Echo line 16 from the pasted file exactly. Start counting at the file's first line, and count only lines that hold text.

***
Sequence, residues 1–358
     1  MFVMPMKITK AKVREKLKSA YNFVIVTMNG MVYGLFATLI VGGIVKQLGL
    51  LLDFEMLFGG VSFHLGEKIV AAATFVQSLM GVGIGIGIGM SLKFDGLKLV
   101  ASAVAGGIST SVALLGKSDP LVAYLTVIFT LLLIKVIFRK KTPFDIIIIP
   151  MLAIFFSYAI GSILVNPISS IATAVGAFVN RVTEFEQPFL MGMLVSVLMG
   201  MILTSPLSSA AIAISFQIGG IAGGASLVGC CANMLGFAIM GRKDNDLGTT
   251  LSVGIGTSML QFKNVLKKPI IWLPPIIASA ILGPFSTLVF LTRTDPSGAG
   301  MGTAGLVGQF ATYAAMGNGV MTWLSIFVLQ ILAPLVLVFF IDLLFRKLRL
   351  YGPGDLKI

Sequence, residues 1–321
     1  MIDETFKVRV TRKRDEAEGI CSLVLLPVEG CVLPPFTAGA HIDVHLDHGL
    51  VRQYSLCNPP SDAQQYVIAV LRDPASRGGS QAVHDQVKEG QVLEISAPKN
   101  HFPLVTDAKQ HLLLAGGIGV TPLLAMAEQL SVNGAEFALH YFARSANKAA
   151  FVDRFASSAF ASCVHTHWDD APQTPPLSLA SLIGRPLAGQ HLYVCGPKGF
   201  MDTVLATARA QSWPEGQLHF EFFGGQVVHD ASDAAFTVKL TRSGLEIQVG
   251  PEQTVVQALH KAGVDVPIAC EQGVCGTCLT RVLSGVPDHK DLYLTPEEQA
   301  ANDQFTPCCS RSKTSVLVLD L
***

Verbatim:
   251  PEQTVVQALH KAGVDVPIAC EQGVCGTCLT RVLSGVPDHK DLYLTPEEQA